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psychoanalytic family therapy in his book, Eltern, Kind und Neurose (Parents, Child, and Neurosis; 1963). Interestingly, a reflection by Freud on two types of object-choice provides the point of departure for Richter’s theory. However, this Freudian theory is in strange contradiction to his own hypothesis of the incompatibility of narcissism and object-choice. Just as narcissists can make their entire self-image or a partial aspect of it the object of their narcissistic love, they tend to deal similarly with things or persons whom they regard as their own. He considers »his car«, »his house«, »his yacht«, and »his wife« as extensions of his grandiose self, just as he regards »his knowledge«, »his opinion«, »his company«, and »his children« as his property and as narcissistic objects. Freud recognized this tendency of narcissists to make their relationships to their love objects obey the dictates of their narcissistic needs, and conceptualized this through his theory of the »two types of object choice«. According to Freud (1914a, p. 87) a human being »has originally two sexual objects – himself and the woman who nurses him«. Many people choose their future love object taking their mother »as a model«. Freud calls this type of object choice anaclisis, because the object choice is being made with a parent figure in mind. Strictly speaking, Freud could also have spoken of a »transference type« of object choice, because the subject is transferring his parental relationship to his partner. Others choose their love objects based on the model of their own person. »They are plainly seeking themselves as a loveobject, and are exhibiting a type of objectchoice which must be termed ›narcissistic‹. Guy Billout: The Lonely Man’s Garden, [. . . ] [I]n doing so we are postulating a pri1984 mary narcissism in everyone, which may in some cases manifest itself in a dominating fashion in his object-choice« (ibid.). Thus, in Freud’s view the narcissist is quite capable of forming an object relationship without reducing his narcissism; however, in that case his object relationship is narcissistically structured, that is, according to the narcissistic model of object choice. It is remarkable that Freud describes only two types of object choice – both of them no doubt implicated in pathological relationship patterns –, yet he leaves open the question whether besides these two there might be additional patterns, possibly healthy ones, or if at least healthier, non-pathological types of object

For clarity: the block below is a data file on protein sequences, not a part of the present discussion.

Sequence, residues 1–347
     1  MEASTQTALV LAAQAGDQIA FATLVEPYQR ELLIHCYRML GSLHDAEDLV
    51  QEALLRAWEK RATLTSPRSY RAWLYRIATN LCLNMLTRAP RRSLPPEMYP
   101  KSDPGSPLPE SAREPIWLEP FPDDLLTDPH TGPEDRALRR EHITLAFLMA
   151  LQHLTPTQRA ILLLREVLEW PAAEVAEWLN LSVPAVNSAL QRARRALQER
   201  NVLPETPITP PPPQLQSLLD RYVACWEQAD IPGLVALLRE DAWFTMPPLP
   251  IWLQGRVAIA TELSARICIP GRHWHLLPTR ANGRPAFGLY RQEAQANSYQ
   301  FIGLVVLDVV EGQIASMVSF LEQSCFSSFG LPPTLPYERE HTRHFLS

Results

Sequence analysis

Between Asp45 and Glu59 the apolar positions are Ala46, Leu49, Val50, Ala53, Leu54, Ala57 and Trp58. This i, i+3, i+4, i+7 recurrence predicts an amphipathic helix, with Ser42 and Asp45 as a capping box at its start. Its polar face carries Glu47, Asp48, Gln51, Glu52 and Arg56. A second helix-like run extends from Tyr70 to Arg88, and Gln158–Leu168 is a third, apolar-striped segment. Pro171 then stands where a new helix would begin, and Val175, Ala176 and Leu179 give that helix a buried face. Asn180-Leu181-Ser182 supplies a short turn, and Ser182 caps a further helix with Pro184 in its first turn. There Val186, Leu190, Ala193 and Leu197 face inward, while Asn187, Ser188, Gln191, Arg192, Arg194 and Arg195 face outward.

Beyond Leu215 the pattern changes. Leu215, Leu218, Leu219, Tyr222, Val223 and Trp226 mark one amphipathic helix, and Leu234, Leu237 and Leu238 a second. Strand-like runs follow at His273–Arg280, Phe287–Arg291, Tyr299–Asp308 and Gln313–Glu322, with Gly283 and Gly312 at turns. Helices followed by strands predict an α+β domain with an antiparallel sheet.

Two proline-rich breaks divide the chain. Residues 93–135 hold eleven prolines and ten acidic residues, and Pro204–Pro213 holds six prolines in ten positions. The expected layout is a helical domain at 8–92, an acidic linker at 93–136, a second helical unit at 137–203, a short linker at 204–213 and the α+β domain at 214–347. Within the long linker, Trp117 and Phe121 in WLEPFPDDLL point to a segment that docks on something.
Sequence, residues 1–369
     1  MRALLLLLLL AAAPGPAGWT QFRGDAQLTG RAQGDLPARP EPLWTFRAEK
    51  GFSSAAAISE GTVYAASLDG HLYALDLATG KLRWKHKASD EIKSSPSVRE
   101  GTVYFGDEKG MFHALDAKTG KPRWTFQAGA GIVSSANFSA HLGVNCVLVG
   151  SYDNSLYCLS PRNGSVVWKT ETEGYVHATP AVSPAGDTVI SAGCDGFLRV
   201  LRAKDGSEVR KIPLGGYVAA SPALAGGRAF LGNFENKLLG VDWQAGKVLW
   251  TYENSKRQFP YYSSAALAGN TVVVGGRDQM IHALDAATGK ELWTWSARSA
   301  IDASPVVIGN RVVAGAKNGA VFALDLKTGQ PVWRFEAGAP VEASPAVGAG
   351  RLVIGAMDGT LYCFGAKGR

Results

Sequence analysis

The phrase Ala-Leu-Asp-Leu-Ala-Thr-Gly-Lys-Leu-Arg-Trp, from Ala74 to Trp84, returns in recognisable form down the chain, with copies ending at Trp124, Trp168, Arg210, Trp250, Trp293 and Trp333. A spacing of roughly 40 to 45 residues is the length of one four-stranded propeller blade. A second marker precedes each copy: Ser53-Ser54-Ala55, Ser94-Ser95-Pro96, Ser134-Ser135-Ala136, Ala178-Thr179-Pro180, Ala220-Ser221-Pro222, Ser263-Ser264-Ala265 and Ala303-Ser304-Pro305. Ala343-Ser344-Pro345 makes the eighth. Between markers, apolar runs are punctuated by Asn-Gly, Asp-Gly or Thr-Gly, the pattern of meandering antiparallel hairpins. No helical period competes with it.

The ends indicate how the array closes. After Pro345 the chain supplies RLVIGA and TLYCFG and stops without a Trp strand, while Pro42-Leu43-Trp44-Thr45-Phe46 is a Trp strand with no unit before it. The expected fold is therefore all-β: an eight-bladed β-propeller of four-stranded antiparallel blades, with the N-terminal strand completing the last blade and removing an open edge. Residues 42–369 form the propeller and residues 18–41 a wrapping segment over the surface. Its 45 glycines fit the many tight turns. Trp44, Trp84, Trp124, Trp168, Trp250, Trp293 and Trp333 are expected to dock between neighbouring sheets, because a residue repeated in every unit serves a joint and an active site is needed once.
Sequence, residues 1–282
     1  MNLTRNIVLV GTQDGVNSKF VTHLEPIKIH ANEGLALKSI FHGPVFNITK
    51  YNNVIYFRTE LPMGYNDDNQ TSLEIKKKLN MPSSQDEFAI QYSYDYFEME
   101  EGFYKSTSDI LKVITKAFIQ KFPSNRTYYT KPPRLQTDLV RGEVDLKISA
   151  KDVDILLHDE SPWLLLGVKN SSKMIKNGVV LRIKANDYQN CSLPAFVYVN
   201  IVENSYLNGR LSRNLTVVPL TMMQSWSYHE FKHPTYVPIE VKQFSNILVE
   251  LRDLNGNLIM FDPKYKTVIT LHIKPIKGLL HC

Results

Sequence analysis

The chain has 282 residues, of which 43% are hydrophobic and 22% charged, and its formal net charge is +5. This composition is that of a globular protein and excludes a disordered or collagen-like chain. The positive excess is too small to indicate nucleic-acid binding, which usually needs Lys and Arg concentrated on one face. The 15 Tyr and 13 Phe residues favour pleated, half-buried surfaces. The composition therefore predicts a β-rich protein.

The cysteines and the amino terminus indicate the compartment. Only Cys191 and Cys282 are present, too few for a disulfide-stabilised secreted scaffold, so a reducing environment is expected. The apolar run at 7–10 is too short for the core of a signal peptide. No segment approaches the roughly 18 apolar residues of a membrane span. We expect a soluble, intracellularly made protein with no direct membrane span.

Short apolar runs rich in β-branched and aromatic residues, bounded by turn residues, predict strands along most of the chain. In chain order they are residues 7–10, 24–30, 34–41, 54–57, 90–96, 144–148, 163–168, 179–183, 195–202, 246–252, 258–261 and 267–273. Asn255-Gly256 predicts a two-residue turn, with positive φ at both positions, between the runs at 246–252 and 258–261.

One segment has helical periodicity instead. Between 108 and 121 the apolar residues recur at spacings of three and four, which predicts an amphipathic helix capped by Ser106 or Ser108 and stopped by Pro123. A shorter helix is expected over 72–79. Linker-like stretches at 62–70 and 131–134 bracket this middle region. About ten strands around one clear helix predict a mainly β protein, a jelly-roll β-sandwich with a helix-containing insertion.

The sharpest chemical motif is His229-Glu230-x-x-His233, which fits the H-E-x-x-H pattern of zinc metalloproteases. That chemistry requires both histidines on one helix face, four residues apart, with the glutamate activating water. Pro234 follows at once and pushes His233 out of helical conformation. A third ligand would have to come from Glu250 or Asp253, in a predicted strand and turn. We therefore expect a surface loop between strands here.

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choice would be conceivable in principle, and which characteristics they might have. As we all know, psychoanalysis has problems defining which psychological condition is »healthy«, which psychological processes are desirable, and which lifestyles are »good«. Psychoanalysis can, on the other hand, furnish very accurate information concerning which psychological mechanisms are compensatory or serve as defense mechanisms, or may be understood as symptomatic compromises. All attempts to answer the ancient philosophical question about the »good« life with positive recommendations from a psychoanalytic perspective have led either to conventional platitudes – which includes Freud’s »ability to work and to love« as a therapeutic goal – to questionable narcissistic idealizations – such as the »genital character« by Wilhelm Reich (1933), or to dull abstractions like »mature oedipality«. Psychoanalysis apparently involves a type of theory which Odo Marquard (2000) in his book Philosophie des Stattdessen (Philosophy of the Instead) defines as »compensation theory«. This compensation theory is distinguished by regarding humans not as complete, but always and principally incomplete beings. Following Nietzsche’s principle, according to which man is a being to be overcome, psychoanalysis can tell its patients what to overcome, but cannot tell them where this either will or ought to lead them. According to Marquard (2000, p. 41f) this is no weakness of compensation theory, but rather, its advantage, for it avoids illusions of completeness by respecting human finality. Man consists to a greater extent of his experiences than of his achievements. He is not only an acting, but above all a suffering being: that is why he is his stories, for stories are blends of actions and experiences. He is more clearly defined by his frailties than by his goals: his mortality limits his completion; he is not headed for perfection, but »for death« [. . . ]. He does not rush from victory to victory, but must make up for defeats and weaknesses: man does not triumph, he compensates.